Home > Uncategorized > BurnerSMS.com – view #SMS messages received online with #NodeJS

BurnerSMS.com – view #SMS messages received online with #NodeJS


BurnerSMS.com is a website, where you can send a text message to a phone number, and the text and sender will appear on the webpage – after you refresh. It could be used for those services that want to use your mobile phone to send authorisation codes to, but you don’t want to share your real phone number.

That’s the idea anyway – but it really was a way so I could learn a bit about NodeJS, on a practical project.

So, here’s the architecture. The mobile messages actually come in via CloudAnsweringMachine.com – which offer an API that allow you view calls and texts sent to a given number. The API returns in XML, but I’ve used xml2js to convert the XML to a JSON.

The project is hosted on a Windows server, where I installed the latest version of NodeJs, NPM and IISNode. I had to do an IISReset after the installation for it to work.

I used NPM init to create my package.json file, which keeps track of the NPM packages I installed during the development. I used the following packages;

  • request – Making life sooo much easier for HTTP requests
  • xml2js – Converting the XML returned from the API to JSON
  • underscore – A collection of handy Javascript functions just as _.filter
  • ejs – A HTML templating engine, so I can separate my NodeJS and HTML presentation
  • moment – handles date formatting, so I can display dates in a pretty format

The whole back end is as follows;

var http = require(‘http’);
const request = require(‘request’);
var parseString = require(‘xml2js’).parseString;
const _ = require(‘underscore’);
const ejs = require(‘ejs’);
var moment = require(‘moment’);

http.createServer(function (req, res) {
res.writeHead(200, {‘Content-Type’: ‘text/html’});
request(‘https://www.cloudansweringmachine.com/api.asmx/GetMessages?email=xxxx@xxx.com&password=xxxx’, (err, response, body) => {
if (err) { res.end(err); return; };
parseString(body, function (err, result) {
// result.ArrayOfMessages.Messages
var TextMessages = _.filter(result.ArrayOfMessages.Messages, function(msg){
return msg.MessageUrl[0] == “”;
element.prettyDate = moment(element.DateArrived[0],”YYYY-MM-DDTHH:mm:ss”).format(“MMMM Do YYYY, h:mm:ss a”);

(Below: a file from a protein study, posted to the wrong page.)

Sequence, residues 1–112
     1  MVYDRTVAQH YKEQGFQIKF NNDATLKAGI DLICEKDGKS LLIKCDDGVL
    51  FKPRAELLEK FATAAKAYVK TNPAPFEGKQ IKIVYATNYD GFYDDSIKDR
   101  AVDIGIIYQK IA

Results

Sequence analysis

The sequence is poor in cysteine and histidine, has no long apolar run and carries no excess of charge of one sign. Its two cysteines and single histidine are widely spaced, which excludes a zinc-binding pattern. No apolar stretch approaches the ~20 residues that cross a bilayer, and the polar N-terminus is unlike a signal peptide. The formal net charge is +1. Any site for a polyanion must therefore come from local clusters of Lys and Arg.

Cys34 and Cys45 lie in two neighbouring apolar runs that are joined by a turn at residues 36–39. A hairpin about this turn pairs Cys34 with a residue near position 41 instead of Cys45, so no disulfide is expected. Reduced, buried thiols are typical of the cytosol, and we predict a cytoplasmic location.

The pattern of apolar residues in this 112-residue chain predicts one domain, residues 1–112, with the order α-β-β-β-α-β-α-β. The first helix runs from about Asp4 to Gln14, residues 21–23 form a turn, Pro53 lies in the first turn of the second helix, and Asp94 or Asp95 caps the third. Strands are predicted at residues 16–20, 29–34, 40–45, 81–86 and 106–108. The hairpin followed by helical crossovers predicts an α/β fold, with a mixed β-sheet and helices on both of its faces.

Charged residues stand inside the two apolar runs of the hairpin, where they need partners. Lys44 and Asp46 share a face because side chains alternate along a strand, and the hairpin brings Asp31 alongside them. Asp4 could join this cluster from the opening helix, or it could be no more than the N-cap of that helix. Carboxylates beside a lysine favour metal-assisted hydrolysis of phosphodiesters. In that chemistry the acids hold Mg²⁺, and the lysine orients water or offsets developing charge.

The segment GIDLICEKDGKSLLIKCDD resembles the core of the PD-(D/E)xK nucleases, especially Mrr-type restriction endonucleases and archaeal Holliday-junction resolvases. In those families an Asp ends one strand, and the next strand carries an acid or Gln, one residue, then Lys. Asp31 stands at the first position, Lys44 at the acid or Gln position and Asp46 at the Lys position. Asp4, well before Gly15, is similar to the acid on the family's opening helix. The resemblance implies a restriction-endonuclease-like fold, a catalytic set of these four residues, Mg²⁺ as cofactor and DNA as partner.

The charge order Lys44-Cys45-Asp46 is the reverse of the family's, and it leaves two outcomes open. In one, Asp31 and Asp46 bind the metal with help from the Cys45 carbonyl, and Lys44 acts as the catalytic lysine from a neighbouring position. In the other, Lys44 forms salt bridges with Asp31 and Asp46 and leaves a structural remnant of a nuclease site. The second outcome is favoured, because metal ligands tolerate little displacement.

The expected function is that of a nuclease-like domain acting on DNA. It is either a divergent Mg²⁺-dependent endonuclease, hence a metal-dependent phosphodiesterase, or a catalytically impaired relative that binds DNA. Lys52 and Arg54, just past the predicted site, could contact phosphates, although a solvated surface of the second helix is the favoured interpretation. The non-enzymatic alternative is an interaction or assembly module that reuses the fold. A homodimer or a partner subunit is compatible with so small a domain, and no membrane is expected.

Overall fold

ejs.renderFile(“burner.ejs”, { messages: TextMessages }, {}, function(err, str){

This file – which I called Burner.js; and I’ve ommitted the username/password for the API call, you can get one yourself!

It starts a server which listens on port 80, and immediately calls the API. If successful, it converts the XML to JSON. It then uses the underscore filter function to remove elements from the response that refer to phonecalls rather than text messages. Following that, it uses moment to parse the DateArrived property, which is in an ugly Year-Month-Day format to a more readable Month Day Year format.

Once all that is done, it uses EJS to load the file “Burner.ejs” from the same folder, and passes through the filtered object to the page. The resultant HTML is then output using res.write

You need to call res.end() once the operation is complete, since this will close the connection between server and client, otherwise the client may hang.

Burner.ejs, is effectively a HTML file, and I won’t include the entire HTML here, just the dynamic part:

<% messages.forEach(function(message){ %>
<%= message.prettyDate %>
<%= message.Sender[0] %>
<%= message.MessageText[0] %>
<% }); %>

It looks almost like Classic ASP … but you can see how it iterates through each message in the messages array, and puts the output between the td’s

Now, that’s almost a wrapped up, just to say that you also need a web.config document in that folder to tell IIS that burner.js is to be handled by the server, not a javascript file to be sent verbatim to the client. – and that burner.js is the default document.

<add name=”iisnode” path=”burner.js” verb=”*” modules=”iisnode” />
<add value=”burner.js” />

Categories: Uncategorized
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